# Why is $\frac{x}{0}$ undefined? [duplicate]

Possible Duplicate:
Division by $0$

The way I see things (and I know most will scoff) is some math doesn't align to common sense. Why does $x^{0}=1$? You are taking x zero times. Why not $x^{0}=0$?

$\frac{x}{0}$ is undefined. x is divided into zero parts. Why not zero?

Thus are my standing thoughts. The only exception is I can not explain $\frac{0}{0}$. Maybe infinity, or $\mathbb{R}$?

There is obviously something I am missing. What is wrong with my logic here?

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## marked as duplicate by Austin Mohr, Asaf Karagila, Zev ChonolesFeb 6 '12 at 7:14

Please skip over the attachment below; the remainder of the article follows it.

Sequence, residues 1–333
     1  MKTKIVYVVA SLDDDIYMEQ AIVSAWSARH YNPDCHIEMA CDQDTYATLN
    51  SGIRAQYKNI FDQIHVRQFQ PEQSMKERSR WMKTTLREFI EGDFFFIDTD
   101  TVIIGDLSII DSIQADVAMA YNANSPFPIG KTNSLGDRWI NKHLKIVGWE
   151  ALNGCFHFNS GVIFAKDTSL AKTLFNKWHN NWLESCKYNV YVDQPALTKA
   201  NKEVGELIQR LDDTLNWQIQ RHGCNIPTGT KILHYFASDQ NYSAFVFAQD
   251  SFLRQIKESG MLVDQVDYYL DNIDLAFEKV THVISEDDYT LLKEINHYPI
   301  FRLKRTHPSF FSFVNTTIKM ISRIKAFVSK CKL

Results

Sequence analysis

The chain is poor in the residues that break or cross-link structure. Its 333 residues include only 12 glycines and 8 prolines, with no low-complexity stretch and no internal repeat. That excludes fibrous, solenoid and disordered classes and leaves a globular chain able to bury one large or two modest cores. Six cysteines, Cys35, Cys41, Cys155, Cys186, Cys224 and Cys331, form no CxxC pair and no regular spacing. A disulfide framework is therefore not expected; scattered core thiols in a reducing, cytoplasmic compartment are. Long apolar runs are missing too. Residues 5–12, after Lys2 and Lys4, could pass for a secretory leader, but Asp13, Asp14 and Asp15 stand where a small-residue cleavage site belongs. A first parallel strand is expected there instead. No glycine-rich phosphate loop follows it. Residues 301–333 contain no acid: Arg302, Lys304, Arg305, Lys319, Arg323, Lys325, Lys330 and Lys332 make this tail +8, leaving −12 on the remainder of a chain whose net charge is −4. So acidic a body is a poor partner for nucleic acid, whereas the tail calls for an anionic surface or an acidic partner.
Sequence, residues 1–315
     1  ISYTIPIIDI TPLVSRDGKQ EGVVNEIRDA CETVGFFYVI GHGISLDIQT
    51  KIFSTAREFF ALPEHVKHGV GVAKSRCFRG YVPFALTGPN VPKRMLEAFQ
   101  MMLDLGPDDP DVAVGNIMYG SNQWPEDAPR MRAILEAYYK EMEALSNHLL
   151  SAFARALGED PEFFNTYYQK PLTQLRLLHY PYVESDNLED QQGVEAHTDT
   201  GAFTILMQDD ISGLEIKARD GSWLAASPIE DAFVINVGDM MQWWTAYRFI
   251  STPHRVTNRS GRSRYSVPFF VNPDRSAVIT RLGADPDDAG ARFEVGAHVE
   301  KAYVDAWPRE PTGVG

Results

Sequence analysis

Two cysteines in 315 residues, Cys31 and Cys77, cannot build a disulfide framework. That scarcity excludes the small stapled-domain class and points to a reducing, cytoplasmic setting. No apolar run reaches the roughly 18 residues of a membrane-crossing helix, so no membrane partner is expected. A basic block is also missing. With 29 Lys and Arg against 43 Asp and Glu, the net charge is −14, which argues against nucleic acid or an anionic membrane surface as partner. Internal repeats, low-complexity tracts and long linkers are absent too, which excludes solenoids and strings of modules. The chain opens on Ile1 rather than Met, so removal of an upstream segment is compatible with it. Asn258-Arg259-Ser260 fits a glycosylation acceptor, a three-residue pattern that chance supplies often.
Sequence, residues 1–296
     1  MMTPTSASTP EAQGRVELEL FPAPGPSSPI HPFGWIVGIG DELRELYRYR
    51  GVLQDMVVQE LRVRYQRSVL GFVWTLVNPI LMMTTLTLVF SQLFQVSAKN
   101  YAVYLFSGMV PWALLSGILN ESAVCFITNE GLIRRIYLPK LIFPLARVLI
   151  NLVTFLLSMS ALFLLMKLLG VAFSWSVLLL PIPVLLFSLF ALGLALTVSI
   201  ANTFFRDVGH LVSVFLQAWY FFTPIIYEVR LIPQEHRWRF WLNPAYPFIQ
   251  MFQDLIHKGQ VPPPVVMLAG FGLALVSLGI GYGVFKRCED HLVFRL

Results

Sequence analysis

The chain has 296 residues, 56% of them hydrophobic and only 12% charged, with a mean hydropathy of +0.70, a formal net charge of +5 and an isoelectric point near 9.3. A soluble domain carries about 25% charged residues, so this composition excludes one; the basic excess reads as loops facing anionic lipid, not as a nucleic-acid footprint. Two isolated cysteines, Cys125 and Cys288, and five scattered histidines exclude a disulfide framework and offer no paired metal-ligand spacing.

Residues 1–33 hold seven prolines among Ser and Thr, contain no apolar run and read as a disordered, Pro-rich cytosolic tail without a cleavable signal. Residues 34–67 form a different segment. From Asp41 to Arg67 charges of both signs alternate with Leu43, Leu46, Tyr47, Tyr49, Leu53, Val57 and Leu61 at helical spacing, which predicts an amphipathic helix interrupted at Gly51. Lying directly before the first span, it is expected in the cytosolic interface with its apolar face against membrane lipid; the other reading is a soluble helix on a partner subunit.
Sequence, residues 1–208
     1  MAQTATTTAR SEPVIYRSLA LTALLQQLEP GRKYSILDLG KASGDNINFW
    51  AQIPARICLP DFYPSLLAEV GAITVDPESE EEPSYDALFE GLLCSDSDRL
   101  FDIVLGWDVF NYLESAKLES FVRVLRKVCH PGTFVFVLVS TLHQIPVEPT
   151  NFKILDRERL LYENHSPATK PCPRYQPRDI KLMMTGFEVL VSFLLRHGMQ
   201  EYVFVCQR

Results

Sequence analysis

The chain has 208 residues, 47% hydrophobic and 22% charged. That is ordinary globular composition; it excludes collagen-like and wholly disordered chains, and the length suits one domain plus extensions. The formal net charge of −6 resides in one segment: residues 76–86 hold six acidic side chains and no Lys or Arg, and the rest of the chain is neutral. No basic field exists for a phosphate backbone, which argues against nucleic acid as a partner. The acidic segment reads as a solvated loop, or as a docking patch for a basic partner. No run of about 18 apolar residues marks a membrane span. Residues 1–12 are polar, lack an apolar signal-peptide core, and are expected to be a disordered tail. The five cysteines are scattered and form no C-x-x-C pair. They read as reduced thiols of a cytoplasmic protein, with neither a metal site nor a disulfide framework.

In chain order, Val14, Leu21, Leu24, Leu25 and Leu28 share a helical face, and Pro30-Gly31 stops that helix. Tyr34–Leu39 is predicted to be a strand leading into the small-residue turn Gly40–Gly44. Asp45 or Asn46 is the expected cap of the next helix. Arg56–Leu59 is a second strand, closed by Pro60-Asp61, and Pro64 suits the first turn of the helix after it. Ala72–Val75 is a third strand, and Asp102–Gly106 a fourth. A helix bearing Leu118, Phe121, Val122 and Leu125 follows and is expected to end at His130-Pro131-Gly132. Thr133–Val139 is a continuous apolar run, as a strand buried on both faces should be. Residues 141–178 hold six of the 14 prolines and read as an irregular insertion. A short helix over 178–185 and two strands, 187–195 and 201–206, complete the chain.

$x^{0}=x^{1-1}=\frac{x^{1}}{x^{1}}=\frac{x}{x}=1$ for $x\neq 0$. –  Thomas E. Feb 6 '12 at 7:02
1-1 needs not simplification before application to x? –  Sean Pedersen Feb 6 '12 at 7:06
$\frac x 0=y$ would mean $0\times y=x$. –  azarel Feb 6 '12 at 7:08
I don't think I quite understand your comment. We know that $0=1-1$ and we only used some basic properties of exponents that are not dependent on the choice of $x$, as long as $x\neq 0$. –  Thomas E. Feb 6 '12 at 7:09
What I meant is doesn't 1-1 resolve to zero before being applied to x as an exponent? –  Sean Pedersen Feb 6 '12 at 7:13